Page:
How does one remember a world that literally no longer exists? How do the moral imperatives to do so correspond to the personal needs that make it possible? Told from the point-of-view of Marta Eisenstein Lane on the occasion of her 80th birthday, Barren Island is the story of a factory island in New York's Jamaica Bay, where the city's dead horses and other large animals were rendered into glue and fertilizer from the mid-19th century until the 1930's. The island itself is as central to the story as the members of the Jewish, Greek, Italian, Irish, and African-American factory families that inhabit it, including those who live their entire lives steeped in the smell of burning animal flesh.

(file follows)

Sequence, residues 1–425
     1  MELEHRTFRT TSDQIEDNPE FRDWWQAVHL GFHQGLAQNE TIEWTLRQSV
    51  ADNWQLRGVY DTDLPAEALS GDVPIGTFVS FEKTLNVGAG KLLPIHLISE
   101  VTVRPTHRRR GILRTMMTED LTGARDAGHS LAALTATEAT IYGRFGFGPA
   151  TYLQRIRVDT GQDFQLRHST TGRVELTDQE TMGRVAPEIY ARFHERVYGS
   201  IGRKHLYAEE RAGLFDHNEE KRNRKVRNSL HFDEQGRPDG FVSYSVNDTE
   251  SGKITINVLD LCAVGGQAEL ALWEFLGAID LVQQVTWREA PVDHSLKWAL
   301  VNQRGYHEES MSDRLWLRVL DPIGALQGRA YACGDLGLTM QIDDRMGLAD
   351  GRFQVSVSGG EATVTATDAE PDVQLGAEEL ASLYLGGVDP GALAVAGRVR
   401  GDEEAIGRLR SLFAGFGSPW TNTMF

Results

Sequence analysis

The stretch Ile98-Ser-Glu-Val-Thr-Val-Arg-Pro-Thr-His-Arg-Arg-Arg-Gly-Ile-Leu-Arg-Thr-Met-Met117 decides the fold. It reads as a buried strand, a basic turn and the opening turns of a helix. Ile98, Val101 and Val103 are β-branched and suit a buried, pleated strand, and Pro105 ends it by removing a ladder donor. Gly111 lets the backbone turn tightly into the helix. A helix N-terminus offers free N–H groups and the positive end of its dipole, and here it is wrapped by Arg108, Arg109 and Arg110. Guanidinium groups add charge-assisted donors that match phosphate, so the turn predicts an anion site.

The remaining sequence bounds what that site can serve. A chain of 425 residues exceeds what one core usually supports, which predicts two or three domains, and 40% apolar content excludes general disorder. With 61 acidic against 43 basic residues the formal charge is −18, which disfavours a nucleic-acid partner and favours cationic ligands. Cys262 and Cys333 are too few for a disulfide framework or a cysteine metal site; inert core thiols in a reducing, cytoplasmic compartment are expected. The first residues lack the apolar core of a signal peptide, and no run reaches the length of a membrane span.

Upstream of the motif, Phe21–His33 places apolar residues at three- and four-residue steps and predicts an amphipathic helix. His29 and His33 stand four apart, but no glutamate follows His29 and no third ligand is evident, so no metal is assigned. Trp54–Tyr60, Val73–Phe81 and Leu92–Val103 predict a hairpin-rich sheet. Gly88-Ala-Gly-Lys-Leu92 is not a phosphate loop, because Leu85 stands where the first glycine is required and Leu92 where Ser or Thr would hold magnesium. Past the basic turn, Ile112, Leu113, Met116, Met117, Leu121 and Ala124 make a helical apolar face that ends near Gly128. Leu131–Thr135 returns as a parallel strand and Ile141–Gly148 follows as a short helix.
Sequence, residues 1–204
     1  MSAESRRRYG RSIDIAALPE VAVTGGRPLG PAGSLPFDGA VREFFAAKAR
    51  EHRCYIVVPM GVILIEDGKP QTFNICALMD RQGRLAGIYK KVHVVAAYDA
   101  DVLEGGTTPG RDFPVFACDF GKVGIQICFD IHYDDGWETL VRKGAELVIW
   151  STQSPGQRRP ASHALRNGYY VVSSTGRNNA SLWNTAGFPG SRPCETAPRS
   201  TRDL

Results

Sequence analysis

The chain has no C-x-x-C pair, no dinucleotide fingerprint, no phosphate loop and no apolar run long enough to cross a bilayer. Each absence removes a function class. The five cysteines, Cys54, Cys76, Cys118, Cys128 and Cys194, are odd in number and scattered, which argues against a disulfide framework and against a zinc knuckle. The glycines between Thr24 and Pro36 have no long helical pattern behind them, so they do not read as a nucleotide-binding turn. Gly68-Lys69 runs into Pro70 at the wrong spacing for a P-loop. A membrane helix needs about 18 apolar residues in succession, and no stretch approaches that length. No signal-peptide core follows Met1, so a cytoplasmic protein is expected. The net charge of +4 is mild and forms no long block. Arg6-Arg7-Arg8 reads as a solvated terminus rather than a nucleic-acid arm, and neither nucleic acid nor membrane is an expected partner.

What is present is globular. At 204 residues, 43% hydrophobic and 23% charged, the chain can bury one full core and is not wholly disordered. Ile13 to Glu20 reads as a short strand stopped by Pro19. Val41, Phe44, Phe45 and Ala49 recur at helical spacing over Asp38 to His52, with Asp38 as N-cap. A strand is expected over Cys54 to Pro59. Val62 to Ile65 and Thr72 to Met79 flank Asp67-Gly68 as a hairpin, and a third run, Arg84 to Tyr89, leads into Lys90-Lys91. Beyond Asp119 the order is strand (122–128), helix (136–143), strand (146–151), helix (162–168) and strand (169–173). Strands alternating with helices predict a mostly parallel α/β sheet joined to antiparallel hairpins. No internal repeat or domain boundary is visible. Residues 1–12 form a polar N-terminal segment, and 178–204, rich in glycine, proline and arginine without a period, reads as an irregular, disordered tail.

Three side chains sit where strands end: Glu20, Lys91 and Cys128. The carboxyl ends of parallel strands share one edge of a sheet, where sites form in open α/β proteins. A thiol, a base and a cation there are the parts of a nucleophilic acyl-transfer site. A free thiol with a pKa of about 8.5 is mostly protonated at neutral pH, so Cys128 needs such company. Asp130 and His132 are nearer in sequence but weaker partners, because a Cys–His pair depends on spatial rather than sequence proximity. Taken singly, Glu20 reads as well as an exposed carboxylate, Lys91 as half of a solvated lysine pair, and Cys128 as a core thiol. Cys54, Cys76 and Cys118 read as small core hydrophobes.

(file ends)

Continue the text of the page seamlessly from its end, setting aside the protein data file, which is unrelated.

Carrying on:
The story begins with the arrival of the Eisenstein family, immigrants from Eastern Europe, and explores how the political and social upheavals of the 1930's affect them and their neighbors in the years between the stock market crash of October 1929 and the start of World War II ten years later. Labor strife, union riots, the New Deal, the World's Fair, and the struggle to save European Jews from the growing threat of Nazi terror inform this novel as much as the explosion of civil and social liberties between the two World Wars. Barren Island, finally, is a novel in which the existence of God is argued with a God that may no longer exist or, perhaps, never did.